Wrong time for Legislature to consider cap and trade, when COVID relief should be top issue, says Ericksen

Governor’s controversial cap and trade bill gets hearing in Senate as public locked out of Olympia

  • Would increase energy prices, impose new costs on industry and agriculture
  • Could force consumers to “pay twice” for carbon reduction, utilities warn
  • Sweeping initiative should be out-of-bounds when public can’t fully participate

OLYMPIA – The governor’s new cap-and-trade proposal got its first hearing in the state Senate Tuesday, and Sen. Doug Ericksen, R-Ferndale, says the meeting demonstrated why the subject ought to be out of bounds at a time when the public cannot fully participate.

COVID precautions are prompting severe restrictions on public access to Olympia during the 2021 legislative session. Most senators and staff are barred from the Capitol, all committee sessions are being held virtually, and opportunities for public interaction with the Legislature are strictly limited.

The cap and trade bill, one of the most significant policies the Legislature has considered in the last decade, would require industry and utilities to pay for carbon-reduction programs, and the cost almost certainly would be passed on to the consumer. At Tuesday’s hearing, the Energy, Environment and Technology Committee heard remote testimony from dozens of environmental groups, utilities and business interests. But those who testified were limited to about 90 seconds apiece, and lawmakers were not permitted to ask questions of speakers.

Lawmakers shouldn’t be considering sweeping policies like these at a time when the public has little opportunity to influence legislation, says Ericksen, ranking Republican on the committee. In addition to cap and trade, majority Democrats in the House and Senate are pushing an ambitious agenda this year that includes an income tax, a rewrite of the Growth Management Act, and a low-carbon fuel standards measure that would dramatically increase the price of motor fuel.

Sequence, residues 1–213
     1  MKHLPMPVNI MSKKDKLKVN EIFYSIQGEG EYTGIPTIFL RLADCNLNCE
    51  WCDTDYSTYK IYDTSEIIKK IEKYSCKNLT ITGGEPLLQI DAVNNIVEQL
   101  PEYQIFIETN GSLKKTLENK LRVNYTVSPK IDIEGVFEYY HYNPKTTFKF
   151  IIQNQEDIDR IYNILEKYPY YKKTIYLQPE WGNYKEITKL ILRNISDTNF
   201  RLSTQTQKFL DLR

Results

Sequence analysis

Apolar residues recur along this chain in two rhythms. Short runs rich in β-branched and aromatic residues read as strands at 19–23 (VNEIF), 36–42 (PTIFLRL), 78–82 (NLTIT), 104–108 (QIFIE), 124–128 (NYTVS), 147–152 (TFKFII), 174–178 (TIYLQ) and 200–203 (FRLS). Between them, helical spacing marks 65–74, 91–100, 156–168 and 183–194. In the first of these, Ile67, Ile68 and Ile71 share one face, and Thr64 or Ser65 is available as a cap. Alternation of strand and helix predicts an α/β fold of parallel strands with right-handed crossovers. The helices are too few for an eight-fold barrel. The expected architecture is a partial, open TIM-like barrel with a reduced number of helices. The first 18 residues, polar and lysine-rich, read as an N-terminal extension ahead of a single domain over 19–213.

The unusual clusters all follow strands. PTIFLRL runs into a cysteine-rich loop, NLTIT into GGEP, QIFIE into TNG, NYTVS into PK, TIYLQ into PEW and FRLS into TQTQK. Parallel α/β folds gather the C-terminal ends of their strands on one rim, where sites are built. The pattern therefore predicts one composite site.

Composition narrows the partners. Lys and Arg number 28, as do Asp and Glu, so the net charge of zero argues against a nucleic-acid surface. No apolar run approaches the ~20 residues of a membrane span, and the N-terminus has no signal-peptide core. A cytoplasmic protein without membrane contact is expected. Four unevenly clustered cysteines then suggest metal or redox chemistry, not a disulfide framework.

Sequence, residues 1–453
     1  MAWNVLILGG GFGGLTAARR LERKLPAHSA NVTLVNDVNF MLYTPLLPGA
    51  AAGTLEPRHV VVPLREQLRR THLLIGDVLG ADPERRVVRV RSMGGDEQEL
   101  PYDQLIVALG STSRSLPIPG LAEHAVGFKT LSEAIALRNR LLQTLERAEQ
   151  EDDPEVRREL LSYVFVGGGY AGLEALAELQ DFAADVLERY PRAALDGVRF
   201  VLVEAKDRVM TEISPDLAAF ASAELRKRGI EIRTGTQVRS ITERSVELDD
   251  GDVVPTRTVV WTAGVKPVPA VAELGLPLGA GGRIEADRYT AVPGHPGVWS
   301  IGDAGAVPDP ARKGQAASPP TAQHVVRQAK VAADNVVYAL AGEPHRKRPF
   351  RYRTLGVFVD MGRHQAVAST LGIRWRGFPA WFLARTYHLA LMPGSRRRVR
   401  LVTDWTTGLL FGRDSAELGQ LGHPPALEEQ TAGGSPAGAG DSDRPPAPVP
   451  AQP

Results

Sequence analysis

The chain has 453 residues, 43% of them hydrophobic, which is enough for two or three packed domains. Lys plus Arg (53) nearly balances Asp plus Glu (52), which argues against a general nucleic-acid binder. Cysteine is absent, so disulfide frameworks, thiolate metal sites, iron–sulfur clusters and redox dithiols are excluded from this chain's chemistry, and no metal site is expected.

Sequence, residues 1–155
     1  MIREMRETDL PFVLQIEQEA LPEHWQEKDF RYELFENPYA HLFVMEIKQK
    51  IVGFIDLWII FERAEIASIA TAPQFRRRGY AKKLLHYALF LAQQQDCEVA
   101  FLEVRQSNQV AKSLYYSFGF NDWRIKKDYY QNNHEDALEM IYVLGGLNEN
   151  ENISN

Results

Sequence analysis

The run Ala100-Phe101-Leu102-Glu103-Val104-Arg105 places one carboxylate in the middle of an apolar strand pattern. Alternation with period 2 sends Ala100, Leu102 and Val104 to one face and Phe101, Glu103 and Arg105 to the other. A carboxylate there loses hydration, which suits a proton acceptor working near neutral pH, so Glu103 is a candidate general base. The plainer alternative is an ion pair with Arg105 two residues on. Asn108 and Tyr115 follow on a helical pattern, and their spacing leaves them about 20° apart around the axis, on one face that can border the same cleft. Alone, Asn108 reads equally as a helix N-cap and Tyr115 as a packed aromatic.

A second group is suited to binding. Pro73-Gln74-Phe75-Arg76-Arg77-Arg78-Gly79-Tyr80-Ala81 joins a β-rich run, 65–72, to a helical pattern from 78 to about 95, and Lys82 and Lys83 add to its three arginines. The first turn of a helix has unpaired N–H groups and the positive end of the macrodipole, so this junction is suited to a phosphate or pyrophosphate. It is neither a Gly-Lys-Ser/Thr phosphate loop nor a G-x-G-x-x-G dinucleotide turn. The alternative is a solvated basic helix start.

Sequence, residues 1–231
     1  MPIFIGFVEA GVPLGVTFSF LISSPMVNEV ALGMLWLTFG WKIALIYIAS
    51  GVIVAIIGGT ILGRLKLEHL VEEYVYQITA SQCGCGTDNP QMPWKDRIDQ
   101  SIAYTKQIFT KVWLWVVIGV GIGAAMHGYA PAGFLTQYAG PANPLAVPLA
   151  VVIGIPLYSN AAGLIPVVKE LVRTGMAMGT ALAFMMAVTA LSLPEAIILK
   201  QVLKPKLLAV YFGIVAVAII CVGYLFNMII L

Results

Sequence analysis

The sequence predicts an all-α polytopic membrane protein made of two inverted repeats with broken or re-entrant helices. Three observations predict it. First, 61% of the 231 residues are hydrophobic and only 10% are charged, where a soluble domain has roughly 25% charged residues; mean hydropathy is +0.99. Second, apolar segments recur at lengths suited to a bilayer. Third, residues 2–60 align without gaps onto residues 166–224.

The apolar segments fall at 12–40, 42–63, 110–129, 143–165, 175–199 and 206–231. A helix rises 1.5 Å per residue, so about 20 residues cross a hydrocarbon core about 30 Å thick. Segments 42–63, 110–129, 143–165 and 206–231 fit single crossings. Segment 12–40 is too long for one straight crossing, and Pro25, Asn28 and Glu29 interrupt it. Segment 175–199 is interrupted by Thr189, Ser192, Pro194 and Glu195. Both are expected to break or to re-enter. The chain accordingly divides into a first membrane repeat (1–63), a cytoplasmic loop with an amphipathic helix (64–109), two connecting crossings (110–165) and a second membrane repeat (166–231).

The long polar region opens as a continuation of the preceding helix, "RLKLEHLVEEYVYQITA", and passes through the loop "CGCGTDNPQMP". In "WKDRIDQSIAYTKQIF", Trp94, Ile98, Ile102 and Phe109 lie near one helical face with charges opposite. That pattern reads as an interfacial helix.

“This cap and trade legislation is one of the biggest proposals ever entertained by the Legislature,” Ericksen said. “This isn’t just about the cost of driving your car or heating your home. It’s about the price of groceries, the cost of real estate and your ability to find a job. We don’t need to debate issues like cap and trade this year, and we shouldn’t be debating them when the public isn’t here.”

Ericksen said he will continue to urge the Legislature to pass Senate Concurrent Resolution 8400, which would adjourn the regular legislative session and launch a 30-day special session on COVID economic recovery issues. Ericksen and other Republicans maintain recovery from the economic crisis ought to be the state’s top priority.

“During the hearing, we heard there are significant problems with the governor’s cap and trade bill. Utilities told us this sets up a conflict with the law passed two years ago requiring early retirement of coal plants, and that consumers could wind up paying twice for carbon reduction programs. Agriculture told us that higher fuel prices will drive up food prices and push farmers to the brink. We can’t deal with problems like these in 90 seconds of testimony, when members can’t ask questions. The entire state deserves a say in something like this.”